John's Journal...

Effective Man-Drives for Deer at Any Time

Day 4: Terrain and Cover Dictate Techniques for Driving Deer

Click for Larger ViewAll of us realize that we’ll never take some bucks from the woods, because hunters never will put enough pressure to move them out of their daytime haunts. Once a sportsman realizes that the deer have sanctuary in hard-to-reach places, like thickets, clear-cuts and briar patches, then he also can assume that the hunter who braves the briars and the bushes can move the deer out of their hiding places. The deer think hunters won’t penetrate that cover, and the deer often can escape unseen if the hunter does go in to try to take him. That’s the time for a man-drive. Oftentimes from five to 20 men, not more than 20-yards apart, must plow through the brush to move the deer. But many times the standers on the edges of the thicket will get open, clear shots – usually running shots – of the deer as they break free from the cover. A well-organized man drive in thick cover can produce some of the biggest and best bucks on any piece of property, if no one has driven the thick cover during deer season.

Click for Larger ViewBack when I still had my taxidermy business, for four or five consecutive years, a small group of hunters brought in six to eight trophy bucks each season for me to mount. Sometimes the same hunter brought in two or three trophies for mounting. Finally one day when curiosity got the best of me, I said, “You fellows have to tell me how you take this many bucks. You must use a method no one else does.” “Not really,” Jerry Smith told me. “We just put on small man-drives.” “I know plenty of folks who put on man-drives,” I answered. “But none of them are as effective as you are. What do you do differently?”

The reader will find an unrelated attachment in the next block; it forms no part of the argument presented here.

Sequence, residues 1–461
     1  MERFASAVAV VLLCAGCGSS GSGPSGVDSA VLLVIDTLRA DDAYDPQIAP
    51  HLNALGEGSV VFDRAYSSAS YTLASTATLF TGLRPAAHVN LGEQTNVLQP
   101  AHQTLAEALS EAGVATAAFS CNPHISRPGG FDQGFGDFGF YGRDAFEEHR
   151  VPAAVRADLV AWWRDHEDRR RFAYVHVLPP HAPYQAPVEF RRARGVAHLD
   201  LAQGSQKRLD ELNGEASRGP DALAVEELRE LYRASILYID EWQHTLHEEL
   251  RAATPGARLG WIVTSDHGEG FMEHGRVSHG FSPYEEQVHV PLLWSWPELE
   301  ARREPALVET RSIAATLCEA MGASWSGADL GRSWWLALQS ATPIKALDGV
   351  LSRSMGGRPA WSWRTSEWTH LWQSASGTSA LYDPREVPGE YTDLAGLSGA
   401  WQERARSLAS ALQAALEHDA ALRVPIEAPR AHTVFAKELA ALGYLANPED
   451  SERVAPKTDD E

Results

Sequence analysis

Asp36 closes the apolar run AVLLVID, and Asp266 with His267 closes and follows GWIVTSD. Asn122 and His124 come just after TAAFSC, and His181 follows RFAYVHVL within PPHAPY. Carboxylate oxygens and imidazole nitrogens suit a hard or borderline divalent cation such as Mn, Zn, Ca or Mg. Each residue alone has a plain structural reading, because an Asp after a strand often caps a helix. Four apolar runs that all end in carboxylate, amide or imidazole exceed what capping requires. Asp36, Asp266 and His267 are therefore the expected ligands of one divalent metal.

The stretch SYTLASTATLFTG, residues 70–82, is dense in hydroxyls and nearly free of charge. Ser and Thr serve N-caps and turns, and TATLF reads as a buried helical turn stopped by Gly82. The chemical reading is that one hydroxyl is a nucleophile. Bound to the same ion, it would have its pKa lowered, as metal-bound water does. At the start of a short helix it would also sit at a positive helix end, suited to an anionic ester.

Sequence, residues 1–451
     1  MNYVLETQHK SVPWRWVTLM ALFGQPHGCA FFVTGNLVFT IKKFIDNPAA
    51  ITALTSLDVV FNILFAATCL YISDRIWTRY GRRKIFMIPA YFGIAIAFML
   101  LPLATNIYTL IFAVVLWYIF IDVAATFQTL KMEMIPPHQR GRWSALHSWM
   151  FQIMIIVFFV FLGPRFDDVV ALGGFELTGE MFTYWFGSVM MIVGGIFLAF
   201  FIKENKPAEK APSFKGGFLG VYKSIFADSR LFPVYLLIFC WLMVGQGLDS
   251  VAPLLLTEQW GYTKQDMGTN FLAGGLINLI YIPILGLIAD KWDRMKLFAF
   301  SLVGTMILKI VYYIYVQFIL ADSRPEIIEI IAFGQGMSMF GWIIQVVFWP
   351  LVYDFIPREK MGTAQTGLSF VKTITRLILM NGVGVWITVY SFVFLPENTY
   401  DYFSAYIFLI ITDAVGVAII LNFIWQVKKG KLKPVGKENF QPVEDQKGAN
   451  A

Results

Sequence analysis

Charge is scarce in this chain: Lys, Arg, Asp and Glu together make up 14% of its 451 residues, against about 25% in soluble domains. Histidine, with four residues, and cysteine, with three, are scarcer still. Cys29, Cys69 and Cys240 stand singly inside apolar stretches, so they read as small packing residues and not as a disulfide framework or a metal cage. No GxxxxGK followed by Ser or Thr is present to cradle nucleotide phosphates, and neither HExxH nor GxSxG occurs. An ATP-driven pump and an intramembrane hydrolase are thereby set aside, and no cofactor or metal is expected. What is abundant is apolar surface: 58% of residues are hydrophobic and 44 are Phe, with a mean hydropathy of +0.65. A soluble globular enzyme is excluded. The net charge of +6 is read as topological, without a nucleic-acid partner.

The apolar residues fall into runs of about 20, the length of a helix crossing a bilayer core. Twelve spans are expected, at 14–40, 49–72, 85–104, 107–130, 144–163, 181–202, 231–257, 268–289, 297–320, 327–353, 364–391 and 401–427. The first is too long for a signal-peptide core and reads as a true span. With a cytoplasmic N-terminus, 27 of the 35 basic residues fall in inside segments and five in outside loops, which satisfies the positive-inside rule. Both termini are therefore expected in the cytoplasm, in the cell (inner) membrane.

Click for Larger View“Well, we put on what we call briar-patch hunts,” Smith explained. “We’ll make from 10 to 15 hunts per day. We never drive over 10 acres of property at a time. Each drive usually only lasts from 15 to 20 minutes. We look for small heads of woods or briar patches close to main roads or main arteries in the woods. We search for spots that no one in his right mind will hunt like a drainage ditch in the middle of a field, a big berry thicket next to an old logging road or some other kind of really-thick cover close to well-traveled roads. Then we can use the roads to reach these briar patches quickly and easily. “One or two men will move into the cover. If a deer is in that small scope of woods and briars, the drivers can usually drive him out in 5 to 10 minutes. If the deer comes out of the cover, we can take him. If there’s not a deer in the briar patch, then we can load-up quick, move to another part of the woods and put on another short hunt without wasting any time.

Click for Larger View“I believe most hunters who use man-drives try to drive too large an area with too few standers. Our group has been productive because we drive small regions of woods that can be covered with four or five standers and one or two drivers. We can move quickly and efficiently from one drive to another. We use the army’s hit-and-run tactic by hitting an area of woods and taking the deer we encounter there. Or, we’ll run to another place and hit it. I don’t know if this technique will pay-off for everyone, but as you can tell, John, it certainly pays-off for us.” I had to admit from the trophy deer I saw that these men certainly knew how to utilize man-driving methods to their maximum efficiency.

Tomorrow: Elements of Good Man-Driving for Deer

Check back each day this week for more about "Effective Man-Drives for Deer at Any Time "

Day 1: Mountain Driving for Deer
Day 2: Single-Man Driving for Deer
Day 3: Driving Deer Electronically
Day 4: Terrain and Cover Dictate Techniques for Driving Deer
Day 5: Elements of Good Man Driving for Deer


Entry 597, Day 4